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The Guns of AugustD’” Newsweek “More dramatic than fiction a magnificent narrative beautifully organized elegantly phrased skillfully paced and sustained” Chicago Tribune “A fine demonstration that with sufficient art rather specialized history can be raised to the level of literature” The New York Times “The Guns of August has a vitality that transcends its narrative virtues which are considerable and its feel for characterizations which is excellent” The Wall Street Journ A truly remarkable account of the first month of WWI If history were taught to high school students the way Barbara Tuchman presents it perhaps we would not be doomed to repeat it so often The Guns of August is a very readable account of how the Allies almost lost the war in the first 30 days through the bungling due to ego jealousy misunderstanding and territorial disputesThe Germans were not immune to senseless error theirs resulting from Teutonic belief in blindly following order and their insistence on the inferiority of any way but the German way How many global errors of these types are being made today by world military leaders and what will be the conseuences I was six years old when this book first came out and I remember it causing uite a stir amount my parents' friends as they passed their one copy from couple to couple I spoke to my mother about it this weekend and she said her reaction to it was shock She and I agree that all we were taught about WWI was that Kaiser Wilhelm got too big for his britches some minor Prince got shot by a nutcase and Germany used it as an excuse to invade France England magnanimously came to France's rescue Not what happened Do read this even if you have to draw the battle plans out on graph paper like I did to understand parts of it So much of our 21st century world makes sense when you understand the beginning of the last century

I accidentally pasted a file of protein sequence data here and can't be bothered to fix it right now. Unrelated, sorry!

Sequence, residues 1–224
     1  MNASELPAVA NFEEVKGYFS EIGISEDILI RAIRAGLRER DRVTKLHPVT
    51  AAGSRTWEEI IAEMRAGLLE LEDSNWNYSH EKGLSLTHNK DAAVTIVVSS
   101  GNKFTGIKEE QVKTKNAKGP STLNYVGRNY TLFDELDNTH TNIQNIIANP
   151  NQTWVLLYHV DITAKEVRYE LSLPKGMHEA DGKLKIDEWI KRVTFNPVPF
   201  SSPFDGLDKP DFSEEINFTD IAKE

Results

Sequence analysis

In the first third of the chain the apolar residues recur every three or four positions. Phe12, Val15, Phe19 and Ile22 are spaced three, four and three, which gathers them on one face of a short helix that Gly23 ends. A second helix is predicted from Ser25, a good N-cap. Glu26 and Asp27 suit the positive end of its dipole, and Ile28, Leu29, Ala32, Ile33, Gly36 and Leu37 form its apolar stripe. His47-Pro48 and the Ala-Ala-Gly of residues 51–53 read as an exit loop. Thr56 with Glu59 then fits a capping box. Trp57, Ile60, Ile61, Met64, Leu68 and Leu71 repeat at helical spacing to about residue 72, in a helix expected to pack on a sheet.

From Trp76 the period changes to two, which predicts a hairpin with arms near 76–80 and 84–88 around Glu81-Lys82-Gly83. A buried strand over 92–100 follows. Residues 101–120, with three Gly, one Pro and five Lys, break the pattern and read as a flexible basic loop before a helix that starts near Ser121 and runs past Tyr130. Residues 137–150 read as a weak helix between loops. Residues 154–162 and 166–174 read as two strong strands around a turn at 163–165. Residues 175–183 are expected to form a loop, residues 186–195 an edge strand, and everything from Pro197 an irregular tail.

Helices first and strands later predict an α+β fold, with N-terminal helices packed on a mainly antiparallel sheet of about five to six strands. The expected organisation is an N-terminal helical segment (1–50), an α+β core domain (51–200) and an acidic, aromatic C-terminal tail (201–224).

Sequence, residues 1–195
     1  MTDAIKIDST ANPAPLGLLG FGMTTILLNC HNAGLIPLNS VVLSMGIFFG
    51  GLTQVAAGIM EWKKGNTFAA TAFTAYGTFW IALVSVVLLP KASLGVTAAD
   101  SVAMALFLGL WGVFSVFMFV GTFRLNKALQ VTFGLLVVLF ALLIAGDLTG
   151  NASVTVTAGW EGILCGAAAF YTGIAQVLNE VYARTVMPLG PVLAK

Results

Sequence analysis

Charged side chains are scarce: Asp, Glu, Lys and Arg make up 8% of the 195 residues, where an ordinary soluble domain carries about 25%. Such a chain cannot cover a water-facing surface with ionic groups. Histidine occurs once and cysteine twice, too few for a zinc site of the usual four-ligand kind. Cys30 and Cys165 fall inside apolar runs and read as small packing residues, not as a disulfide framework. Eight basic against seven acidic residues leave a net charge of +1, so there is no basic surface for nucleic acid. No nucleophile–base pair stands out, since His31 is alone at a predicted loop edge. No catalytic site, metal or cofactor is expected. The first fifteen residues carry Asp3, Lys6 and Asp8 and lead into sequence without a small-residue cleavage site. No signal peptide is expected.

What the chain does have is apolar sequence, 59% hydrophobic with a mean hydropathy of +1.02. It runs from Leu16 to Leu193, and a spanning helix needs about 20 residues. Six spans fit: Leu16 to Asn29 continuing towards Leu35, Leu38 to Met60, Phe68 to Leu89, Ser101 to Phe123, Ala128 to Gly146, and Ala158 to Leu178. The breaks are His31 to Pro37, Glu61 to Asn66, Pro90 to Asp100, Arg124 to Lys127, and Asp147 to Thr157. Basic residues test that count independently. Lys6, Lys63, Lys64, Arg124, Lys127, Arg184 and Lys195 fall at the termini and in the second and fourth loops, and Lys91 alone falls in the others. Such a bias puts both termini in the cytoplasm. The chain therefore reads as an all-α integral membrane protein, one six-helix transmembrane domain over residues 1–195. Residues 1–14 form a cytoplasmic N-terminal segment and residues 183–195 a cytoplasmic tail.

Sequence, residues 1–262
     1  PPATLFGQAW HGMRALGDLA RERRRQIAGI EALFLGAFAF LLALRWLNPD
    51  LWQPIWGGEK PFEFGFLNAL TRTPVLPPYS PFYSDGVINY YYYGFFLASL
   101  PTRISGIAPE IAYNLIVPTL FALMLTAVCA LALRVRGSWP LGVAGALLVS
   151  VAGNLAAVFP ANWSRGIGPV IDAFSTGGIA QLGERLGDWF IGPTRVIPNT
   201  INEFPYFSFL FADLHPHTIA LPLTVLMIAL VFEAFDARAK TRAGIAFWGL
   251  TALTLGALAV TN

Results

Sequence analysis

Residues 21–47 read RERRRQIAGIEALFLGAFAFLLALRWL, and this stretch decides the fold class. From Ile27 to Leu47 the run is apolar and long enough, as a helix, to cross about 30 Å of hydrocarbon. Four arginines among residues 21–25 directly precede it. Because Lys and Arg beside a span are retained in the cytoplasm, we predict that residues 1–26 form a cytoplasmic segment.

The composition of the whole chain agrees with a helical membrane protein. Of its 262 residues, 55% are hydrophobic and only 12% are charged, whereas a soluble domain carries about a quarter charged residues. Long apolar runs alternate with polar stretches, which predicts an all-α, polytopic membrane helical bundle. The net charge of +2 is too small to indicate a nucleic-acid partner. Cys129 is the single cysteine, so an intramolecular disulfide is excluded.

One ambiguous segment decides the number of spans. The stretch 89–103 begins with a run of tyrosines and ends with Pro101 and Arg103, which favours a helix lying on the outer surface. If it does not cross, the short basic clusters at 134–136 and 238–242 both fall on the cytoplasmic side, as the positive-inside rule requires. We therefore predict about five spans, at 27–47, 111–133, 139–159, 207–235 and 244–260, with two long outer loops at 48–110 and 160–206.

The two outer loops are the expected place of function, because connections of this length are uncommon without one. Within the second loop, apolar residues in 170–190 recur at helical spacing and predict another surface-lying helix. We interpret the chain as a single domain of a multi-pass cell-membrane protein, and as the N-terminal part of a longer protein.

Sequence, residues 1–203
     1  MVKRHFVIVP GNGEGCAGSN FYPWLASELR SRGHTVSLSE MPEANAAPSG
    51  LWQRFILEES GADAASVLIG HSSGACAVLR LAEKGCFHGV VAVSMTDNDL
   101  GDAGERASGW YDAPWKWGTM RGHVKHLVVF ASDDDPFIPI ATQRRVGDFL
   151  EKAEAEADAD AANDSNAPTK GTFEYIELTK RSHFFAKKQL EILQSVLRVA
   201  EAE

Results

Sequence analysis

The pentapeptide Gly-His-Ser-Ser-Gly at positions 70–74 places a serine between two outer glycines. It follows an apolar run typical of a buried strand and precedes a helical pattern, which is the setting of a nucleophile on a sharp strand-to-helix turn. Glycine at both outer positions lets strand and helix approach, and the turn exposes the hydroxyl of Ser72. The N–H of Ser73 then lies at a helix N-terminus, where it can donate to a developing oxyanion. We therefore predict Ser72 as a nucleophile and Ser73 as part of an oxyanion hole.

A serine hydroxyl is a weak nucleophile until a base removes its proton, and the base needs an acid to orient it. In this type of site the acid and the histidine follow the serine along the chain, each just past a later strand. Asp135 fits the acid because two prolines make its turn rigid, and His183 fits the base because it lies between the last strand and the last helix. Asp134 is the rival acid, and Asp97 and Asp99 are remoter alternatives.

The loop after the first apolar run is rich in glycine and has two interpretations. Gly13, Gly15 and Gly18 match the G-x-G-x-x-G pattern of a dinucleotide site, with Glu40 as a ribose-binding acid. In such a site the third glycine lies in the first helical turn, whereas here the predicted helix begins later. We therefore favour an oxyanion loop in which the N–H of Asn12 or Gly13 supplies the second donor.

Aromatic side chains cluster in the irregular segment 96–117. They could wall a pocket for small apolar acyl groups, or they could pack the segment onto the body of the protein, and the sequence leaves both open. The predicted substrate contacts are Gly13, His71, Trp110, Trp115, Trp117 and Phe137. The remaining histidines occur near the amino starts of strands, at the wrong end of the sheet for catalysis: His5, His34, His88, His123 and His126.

Barbara W. Tuchman ´ The Guns of August Reader